So, if Bryan Colangelo is to be believed, then The Raptors have narrowed their shortlist of potential draft picks for Thursday’s NBA draft to 6 players. According to an interview Colangelo gave on the local radio station Fan590 on June 17, the Raptors are leaning towards selecting a PG or SG in the upcoming draft,… Read more »
Toronto Sun Despite there being less than 48 hours to the actual selection, Colangelo, given his druthers, wouldn’t mind making the pick right now. “It’s almost like the draft can’t come soon enough,” Colangelo said. “Right now is when things get really muddy. All the clarity you had gets a little bit scrambled because as… Read more »
Think you know your draft? Fine. Prove it. Prize is 2 lower bowl tickets to the first home game of the Raptors 2009/2010 regular season. We will keep this simple. Reply to this post via a comment below with your answers to the following: 1) Which player will the Raptors select at #9. That’s it…. Read more »
Toronto Star That’s not to suggest there’s a gem to be found at No. 9 this year. According to a variety of experts and NBA talent evaluators, the draft is thin on all-stars but deep on parity, making it more troublesome for general managers with picks outside the top two or three. No one knows… Read more »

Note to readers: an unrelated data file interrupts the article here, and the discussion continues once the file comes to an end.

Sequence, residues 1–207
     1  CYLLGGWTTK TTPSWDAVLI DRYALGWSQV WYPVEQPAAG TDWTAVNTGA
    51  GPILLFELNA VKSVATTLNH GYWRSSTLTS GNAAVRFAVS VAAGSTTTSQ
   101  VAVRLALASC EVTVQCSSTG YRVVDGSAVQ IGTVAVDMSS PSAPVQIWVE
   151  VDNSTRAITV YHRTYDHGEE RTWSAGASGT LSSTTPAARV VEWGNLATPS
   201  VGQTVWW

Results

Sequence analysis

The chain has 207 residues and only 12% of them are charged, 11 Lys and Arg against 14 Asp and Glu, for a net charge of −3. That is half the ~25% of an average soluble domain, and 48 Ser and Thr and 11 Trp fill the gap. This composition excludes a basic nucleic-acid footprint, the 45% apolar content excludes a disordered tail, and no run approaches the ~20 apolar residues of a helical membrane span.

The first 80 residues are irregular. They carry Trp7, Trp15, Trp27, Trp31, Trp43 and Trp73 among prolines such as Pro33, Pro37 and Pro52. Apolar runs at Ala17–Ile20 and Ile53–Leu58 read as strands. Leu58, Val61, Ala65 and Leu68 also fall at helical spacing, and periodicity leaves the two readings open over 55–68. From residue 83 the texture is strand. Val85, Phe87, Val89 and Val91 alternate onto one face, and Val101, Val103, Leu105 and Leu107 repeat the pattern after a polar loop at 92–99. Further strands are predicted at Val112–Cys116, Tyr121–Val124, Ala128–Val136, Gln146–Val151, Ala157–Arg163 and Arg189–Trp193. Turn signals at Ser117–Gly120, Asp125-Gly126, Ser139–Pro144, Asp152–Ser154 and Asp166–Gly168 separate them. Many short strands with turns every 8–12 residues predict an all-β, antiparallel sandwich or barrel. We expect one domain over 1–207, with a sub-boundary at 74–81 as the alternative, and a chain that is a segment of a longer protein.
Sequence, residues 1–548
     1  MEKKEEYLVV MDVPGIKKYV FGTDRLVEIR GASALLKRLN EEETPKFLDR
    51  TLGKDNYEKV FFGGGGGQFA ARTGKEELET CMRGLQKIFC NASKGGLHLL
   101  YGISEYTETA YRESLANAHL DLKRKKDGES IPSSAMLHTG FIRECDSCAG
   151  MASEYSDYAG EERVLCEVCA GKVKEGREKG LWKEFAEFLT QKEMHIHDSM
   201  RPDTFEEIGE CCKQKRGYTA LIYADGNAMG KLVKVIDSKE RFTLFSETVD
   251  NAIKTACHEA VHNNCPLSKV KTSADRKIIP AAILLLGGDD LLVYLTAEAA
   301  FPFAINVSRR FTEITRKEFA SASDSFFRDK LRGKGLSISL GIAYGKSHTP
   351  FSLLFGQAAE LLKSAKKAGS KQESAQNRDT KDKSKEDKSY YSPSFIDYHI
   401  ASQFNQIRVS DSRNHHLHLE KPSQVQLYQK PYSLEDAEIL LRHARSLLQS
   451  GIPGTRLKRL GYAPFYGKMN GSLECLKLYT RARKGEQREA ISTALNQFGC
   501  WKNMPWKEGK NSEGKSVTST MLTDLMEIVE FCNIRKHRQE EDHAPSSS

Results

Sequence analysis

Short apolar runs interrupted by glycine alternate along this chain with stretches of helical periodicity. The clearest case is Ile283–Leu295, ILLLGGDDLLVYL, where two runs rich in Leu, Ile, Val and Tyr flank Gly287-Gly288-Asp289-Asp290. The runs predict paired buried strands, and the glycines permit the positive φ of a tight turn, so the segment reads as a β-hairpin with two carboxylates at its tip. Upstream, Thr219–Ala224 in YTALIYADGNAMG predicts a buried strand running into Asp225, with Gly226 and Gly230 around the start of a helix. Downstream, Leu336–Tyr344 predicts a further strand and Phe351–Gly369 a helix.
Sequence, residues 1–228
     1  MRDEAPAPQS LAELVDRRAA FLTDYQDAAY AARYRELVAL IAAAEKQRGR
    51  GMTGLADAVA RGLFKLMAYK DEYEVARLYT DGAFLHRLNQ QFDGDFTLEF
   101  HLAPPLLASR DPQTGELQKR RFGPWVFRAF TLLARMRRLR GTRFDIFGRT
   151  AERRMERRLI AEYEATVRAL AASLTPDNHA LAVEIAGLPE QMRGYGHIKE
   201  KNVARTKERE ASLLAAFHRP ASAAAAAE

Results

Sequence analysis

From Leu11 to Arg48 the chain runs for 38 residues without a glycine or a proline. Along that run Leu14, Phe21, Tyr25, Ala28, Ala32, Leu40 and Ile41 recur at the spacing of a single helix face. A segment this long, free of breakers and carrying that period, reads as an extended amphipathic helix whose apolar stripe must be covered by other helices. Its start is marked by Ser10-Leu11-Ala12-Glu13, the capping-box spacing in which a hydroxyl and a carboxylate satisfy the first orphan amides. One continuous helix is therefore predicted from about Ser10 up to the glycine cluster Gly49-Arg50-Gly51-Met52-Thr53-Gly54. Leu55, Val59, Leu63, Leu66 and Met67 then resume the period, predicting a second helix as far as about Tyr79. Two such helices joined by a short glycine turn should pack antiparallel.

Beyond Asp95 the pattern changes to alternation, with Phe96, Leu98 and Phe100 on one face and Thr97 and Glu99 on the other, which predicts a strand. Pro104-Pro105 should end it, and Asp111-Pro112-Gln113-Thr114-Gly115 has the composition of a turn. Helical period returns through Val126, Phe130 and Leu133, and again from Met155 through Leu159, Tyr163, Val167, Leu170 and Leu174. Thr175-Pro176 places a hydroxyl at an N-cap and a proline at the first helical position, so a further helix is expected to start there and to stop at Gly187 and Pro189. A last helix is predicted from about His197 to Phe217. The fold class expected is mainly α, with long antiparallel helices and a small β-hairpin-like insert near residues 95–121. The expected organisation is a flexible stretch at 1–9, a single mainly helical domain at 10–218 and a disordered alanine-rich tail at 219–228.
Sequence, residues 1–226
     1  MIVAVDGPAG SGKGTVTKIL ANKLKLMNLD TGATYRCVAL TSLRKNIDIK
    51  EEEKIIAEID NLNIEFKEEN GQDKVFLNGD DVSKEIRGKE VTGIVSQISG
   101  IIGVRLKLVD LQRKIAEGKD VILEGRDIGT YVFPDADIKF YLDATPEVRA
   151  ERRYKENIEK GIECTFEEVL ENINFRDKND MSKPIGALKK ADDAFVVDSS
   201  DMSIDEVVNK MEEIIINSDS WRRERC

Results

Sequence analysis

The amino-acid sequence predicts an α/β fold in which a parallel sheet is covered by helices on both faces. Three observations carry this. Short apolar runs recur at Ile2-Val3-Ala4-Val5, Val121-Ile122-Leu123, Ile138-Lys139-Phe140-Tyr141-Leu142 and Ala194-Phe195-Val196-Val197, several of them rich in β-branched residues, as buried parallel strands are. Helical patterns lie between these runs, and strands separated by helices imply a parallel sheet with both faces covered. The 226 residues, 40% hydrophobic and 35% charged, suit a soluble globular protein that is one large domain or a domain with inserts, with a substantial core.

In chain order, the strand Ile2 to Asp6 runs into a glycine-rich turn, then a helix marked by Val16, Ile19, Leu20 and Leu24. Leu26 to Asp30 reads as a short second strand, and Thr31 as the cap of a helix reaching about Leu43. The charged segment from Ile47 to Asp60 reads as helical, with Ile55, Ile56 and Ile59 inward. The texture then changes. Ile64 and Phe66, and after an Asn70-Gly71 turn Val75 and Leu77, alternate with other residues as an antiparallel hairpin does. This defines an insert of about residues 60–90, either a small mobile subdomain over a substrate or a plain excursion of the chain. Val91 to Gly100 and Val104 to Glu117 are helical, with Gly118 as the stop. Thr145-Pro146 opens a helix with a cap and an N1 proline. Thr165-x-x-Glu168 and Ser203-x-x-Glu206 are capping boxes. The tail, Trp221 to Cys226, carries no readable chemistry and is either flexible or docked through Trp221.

Linkage for Jun 21 11am through Jun 23 7pm: RAPTORS: Colangelo Identifies Five Potential Picks For Raptors Colangelo On The Draft Pt. 1 – June 23, 2009 – NBA Videos and Highlights Team’s Summer Plans – Atlantic Division « nbaroundtable In the NBA, Merits of ‘One-and-Done’ Rule Are Subject to Debate – washingtonpost.com Chaun’s Raptors… Read more »
This I can explain. His low usage rate when he is on the floor minimize his impact on team stats, such as team O/D rating and even plus minus (since that stat also accounts for the other members of the rotation. However, when he is being used, his individual stats, or the stats that are only dependant on his contributions, he looks pretty good, pretty great even.
Basically, like what everyone else has been saying, it comes down to usage rate. Involve him enough in the offense and there's no reason why his individual efficiency won't be reflected in the team stats.
Now here's where you might say "but the raptors lose more when he shoots more than average, so the usage rate argument doesn't hold up". That's a fair point, but I would argue that Jonas often gets those extra field goals when A) the guards are putting up a ton of bricks and Jonas is cleaning the glass, or B) he's a last resort after its clear that the other scoring options aren't working. In both scenarios, the team as a whole is playing below average, so it makes sense that they would win a lower percentage of games.